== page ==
Prior to introducing the bill, Utah media reported that Senator Anderegg believes fair-market pay benchmarks need to be established using state-collected data and intends to focus on ensuring men and women are paid equally during their first three years of employment. Senator Anderegg also said he would explore how performance evaluations impact pay but did not contemplate Utah actively regulating pay.

As introduced, SB 201 seeks to revise Utah law in three respects.

Employee Evaluations

In an apparent attempt to make the performance review process more uniform, gender-neutral, and transparent to employees, the bill requires:

  • Employers to adopt and disclose to employees written performance evaluation criteria used in adjusting employee pay and benefits.
  • Different criteria could be used for different types of positions, but the criteria must be applied “uniformly to each employee” holding the “type of position” to which the criteria apply.
  • The criteria could not be changed less than six months prior to an employee evaluation where the employer considers whether to change employee pay or benefits.

Gender Wage Study

The bill also would require the Department of Workforce Services (DWS) to conduct a gender wage study to analyze any gender differences in pay, taking into consideration differences in such factors as education level, years of experience, occupation and industry.

For purposes of both the Wage Study and the pay indices described below, the bill amends existing regulations requiring employers to maintain and confidentially provide to DWS relevant pay data.

Occupational Pay Indices

As perhaps a step towards pay scales for private employers, the bill also directs DWS to create and publish indices of current pay ranges by occupation to be published and updated by July 1 each year, beginning in 2018.

While the bill does not specify any other pay factor to distinguish differences in pay, it provides that each index “shall include a separate pay range for at least every five years of experience in the occupation.” Thus for each occupation, the indices would provide the pay range for those with 1 to 5 years of experience, 6 to 10 years of experience, and so on.  DWS would also be required to conduct an advertising campaign to promote the “availability and utility of the indices.”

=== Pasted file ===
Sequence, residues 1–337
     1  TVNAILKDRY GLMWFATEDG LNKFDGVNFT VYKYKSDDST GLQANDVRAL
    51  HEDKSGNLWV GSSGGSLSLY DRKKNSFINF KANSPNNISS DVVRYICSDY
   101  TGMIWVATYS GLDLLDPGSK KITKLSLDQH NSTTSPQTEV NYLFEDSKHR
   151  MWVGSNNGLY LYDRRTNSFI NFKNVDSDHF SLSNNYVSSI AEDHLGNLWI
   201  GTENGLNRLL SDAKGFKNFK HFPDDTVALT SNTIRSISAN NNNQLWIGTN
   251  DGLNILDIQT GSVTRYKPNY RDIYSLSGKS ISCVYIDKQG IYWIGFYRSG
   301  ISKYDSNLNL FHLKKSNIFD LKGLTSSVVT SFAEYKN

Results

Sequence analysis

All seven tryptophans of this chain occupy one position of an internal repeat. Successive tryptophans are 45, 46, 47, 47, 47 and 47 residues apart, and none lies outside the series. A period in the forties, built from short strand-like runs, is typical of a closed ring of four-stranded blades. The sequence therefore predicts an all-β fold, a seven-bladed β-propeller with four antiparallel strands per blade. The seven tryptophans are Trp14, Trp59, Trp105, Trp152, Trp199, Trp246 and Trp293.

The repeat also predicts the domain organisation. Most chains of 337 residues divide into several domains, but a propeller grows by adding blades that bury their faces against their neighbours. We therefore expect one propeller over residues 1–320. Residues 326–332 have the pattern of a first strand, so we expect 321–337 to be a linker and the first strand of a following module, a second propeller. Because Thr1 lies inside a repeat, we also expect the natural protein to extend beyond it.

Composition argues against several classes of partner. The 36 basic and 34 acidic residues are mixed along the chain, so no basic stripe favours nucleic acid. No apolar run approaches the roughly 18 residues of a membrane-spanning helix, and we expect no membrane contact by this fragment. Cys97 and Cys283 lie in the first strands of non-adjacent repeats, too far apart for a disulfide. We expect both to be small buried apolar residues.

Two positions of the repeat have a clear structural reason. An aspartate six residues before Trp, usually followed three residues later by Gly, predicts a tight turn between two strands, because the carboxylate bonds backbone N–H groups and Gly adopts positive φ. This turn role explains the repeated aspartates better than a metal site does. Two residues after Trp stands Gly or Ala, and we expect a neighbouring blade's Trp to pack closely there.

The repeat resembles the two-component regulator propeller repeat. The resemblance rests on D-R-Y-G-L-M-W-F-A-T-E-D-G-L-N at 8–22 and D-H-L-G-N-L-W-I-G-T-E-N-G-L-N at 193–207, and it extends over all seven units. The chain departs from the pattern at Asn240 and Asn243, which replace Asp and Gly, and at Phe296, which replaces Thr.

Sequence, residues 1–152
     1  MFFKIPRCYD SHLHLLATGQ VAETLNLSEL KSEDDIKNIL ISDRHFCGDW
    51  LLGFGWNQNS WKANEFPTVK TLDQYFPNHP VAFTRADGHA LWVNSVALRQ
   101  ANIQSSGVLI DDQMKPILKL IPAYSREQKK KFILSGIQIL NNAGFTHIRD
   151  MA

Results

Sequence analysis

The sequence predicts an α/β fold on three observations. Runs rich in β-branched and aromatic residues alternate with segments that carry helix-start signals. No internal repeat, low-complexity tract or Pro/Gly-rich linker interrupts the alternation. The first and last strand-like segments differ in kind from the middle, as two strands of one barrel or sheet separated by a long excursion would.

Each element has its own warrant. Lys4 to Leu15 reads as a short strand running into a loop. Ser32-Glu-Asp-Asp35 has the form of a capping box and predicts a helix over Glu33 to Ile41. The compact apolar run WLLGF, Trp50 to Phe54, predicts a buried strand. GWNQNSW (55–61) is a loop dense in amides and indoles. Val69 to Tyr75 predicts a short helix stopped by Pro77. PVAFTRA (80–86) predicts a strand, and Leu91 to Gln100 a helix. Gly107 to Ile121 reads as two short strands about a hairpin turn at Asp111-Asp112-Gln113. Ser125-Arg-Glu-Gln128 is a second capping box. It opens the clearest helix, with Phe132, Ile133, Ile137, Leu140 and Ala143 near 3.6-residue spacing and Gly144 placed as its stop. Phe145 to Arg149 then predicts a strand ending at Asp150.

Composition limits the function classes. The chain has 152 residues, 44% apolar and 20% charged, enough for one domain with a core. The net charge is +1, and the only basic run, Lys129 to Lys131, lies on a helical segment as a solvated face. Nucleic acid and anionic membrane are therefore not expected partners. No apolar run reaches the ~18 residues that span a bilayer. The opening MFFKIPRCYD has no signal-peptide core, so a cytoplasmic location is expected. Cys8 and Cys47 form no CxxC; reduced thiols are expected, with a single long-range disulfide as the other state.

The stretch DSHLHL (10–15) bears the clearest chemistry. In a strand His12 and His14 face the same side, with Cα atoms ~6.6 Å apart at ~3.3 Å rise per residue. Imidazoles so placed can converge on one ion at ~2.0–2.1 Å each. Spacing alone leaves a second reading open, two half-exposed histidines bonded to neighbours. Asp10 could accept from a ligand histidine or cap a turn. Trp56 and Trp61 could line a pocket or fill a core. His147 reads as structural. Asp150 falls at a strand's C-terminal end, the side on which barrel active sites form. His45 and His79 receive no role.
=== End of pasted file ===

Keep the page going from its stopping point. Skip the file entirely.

Unlike recent equal pay laws enacted in California, New York and elsewhere, the bill does not directly provide legal standards for pay. For example California’s Fair Pay Act requires those in “substantially similar” jobs to be paid equally, unless gender-neutral pay factors explain the entire pay difference.

The practical effect of the Employee Performance Act appears to be to provide employees and employers with additional information regarding fair pay. While the bill does not provide a new equal pay cause of action, it purportedly would provide both women and men data and information relevant to a pay discrimination claim under existing pay discrimination provisions of the Utah Antidiscrimination Act. 34A-5-106.

We will monitor the bill’s progress so please check back for updates.

Join Us for the Upcoming Webinar “For California Employers, Pay Equity Keeps Getting More “Comp”licated”

Understanding the recent California Fair Pay Act amendments and the rising tide of equal pay claims is “comp”licated. Employers want to ensure they pay employees fairly and without discrimination. The latest broad expansion of California’s Fair Pay Act (CFPA) is making sure employers do that, and more. In January 2016, the CFPA, went into effect protecting only on the basis of gender and has been expanded to cover race and ethnicity, effective January 2017.

In addition, other recent changes to the law create new challenges for employers and compel us to be more proactive in examining our pay systems. Internal pay claims, government agency investigations, and litigation are only expected to rise, so join us to understand what is needed to find and fix the issues you may currently have.